This month NGTO presents two of the best articles we have ever printed. The first, by our own Kent Edmonds, recently appeared in FLY Tyer magazine. Our second selection comes from none other than Tammy DiGristine, or "Tam" as she is known here, you may have seen her writings before in Coastal Angler Magazine or Virtual Flybox.
The Bead Rattle Fly
by Kent Edmonds
Wooly Buggers have always been one of my favorite flies. Over the last few years, I've often tied them with bead heads, for the added flash and weight. I've also begun incorporating the new sparkle chenille and bright, synthetic dubbing materials.
While tying sparkle bead-head woolies one, I ran out of large beads. Since I needed the flies for a guided trip the next day, I decided to use two smaller beads on each fly. On a guide trip the next day, the flies worked well, taking bass and bluegill from deeper lies. Our ponds in western Georgia, where I live, are often have a significant algae bloom that restrict underwater visibility and the added flash of the double bead seemed to help.
As I finned around in my float tube watching my clients catch fish, I wondered if the double-bead tie could be made to add another attractant-sound. Although the Woolly Bugger is a great design, I figured that the more things you have going for you, particularly in dark wa er, the better. That night I began working on my first Bead-Rattle Buggers.
The basic idea is simple enough. Leaving a little extra space between the fly's body and the hook eye allows the beads to slide back and forth. As you fish the fly, the beads rattle against the shank, against the wire stop at the front of the body, against each other, and against the hook eye. Executing the idea was a little less simple; we'll get to the tying challenges in a minute.
My new, noisy flies worked very well. That's hardly surprising, because sound is a proven fish attractant (see the addendum on the Fish's Lateral Line and Sense of Hearing at the bottom of this article). Conventional rattles add sound, but they also add bulk to a fly and complexity to the tying. A physicist friend tells me that, thanks to their greater mass, beads produce lower-frequency sounds than do the tiny balls inside glass or metal rattles, and that these low frequencies carry farther in water.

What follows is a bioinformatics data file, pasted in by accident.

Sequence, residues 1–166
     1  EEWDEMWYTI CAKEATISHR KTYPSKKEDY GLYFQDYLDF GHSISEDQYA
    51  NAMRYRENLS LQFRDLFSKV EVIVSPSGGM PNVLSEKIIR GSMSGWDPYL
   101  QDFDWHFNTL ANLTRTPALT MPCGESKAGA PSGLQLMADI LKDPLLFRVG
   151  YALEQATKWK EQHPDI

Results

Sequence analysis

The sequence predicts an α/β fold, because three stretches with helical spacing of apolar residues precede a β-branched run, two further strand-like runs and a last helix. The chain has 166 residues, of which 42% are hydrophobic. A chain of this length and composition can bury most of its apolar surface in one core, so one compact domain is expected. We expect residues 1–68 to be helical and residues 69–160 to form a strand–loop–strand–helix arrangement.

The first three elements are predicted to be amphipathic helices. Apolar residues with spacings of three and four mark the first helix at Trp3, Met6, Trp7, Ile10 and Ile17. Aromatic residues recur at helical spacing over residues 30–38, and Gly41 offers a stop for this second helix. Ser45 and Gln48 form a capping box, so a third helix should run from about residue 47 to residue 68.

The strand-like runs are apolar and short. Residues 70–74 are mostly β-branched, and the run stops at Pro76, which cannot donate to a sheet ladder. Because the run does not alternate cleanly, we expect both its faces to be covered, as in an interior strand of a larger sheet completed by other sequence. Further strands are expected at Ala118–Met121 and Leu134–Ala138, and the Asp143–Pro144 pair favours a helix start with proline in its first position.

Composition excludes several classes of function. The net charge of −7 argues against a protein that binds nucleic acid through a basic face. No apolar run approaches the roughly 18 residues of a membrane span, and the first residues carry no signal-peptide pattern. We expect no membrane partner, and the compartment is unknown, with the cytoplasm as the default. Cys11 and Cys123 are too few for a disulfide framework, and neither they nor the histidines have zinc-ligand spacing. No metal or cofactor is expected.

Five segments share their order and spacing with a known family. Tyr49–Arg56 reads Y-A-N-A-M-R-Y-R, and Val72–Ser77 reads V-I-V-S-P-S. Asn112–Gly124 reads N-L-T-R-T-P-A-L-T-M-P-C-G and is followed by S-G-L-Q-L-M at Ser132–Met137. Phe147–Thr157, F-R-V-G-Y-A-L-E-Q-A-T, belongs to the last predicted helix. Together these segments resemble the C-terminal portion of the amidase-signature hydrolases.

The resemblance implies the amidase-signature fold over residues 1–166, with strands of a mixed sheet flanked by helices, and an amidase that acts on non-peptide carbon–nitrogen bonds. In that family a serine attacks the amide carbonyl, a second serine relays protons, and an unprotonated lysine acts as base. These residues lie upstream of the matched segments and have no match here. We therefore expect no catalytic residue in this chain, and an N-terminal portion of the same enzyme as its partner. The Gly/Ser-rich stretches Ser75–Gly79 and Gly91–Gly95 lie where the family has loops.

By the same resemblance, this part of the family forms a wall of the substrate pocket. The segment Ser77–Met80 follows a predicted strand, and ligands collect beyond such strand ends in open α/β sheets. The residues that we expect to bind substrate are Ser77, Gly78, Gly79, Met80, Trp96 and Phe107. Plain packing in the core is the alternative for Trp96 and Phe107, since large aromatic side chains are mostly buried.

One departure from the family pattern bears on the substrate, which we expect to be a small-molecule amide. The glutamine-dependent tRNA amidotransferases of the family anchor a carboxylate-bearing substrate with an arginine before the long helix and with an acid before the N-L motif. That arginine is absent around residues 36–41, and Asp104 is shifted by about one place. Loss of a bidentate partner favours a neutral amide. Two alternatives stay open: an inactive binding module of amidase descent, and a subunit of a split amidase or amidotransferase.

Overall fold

The Bead-Rattle idea works on many types of flies. By using very small beads, you can add the rattle effect to flies as small as size 14. Depending on the type and size of the fly, and the proportions you want, you generally need to use a 2X- or 3X-long hook. Small beads also work well on shallow-water flies of any size, since they let you add noise without adding a lot of weight. Plastic beads add practically no weight; some even seem to add a little buoyancy. Plastic doesn't make as much noise as metal, but fish can detect very subtle vibrations.
On larger flies, you can combine a sliding bead with dumbbell or bead-chain eyes. A small bead and a pair of bead-chain eyes add very little weight to a big fly, but they still make enough noise to attract fish. According to my unscientific bathtub tests, lead eyes produce less sound, but my field tests indicate they make enough to get a fish's attention.
The possibilities are almost endless. Brass, steel, copper, aluminum, tungsten, glass, and plastic beads come in many sizes. Different combinations of sizes and materials produce different sounds, and beads combined with metal eyes make yet another range of noises. You can experiment with combinations the same way I do: dunk your head in a full bathtub and shake a fly next to your ear. Fish might not care about the difference between, say, a pair of copper beads clicking against each other and a copper bead rattling against a pair of bead-chain eyes, but bathtub tests let you determine such things as how to get the most sound with the least weight. And sometimes fish do seem to find some sounds more appealing than others. Try various combinations in your favorite waters, and listen to what the fish tell you.
Building The Rattle
Making a double-bead rattle seems easy until you try it for the first time. As you wind materials forward on the hook and tie them off, it's hard to avoid crowding the beads and eventually jamming them against each other and the eye of the hook. When that happens, the fly can't rattle.
You can eliminate the problem by fashioning a stop with any of the wires commonly used to make ribs on flies. Slide the beads onto the hook after flattening the barb. If your beads have tapered holes, as many fly-tying beads do, install the second (rear) bead with the small end of the hole facing the bend of the hook. Attach the thread about three and a half bead-diameters behind the eye. Tie in a piece of wire and make three or four tight wraps with it toward the hook eye. Make sure that the beads have plenty of room to slide back and forth, and then wrap the wire back over the first wraps. Crisscross the wire back and forth to build up a stop for the rear bead. Secure the wire, clip the excess, and carefully apply superglue to the stop. All the rest of your tying is done behind the wire stop. As you complete the fly, take care to keep the whip-finish and head cement behind the foremost wraps of wire.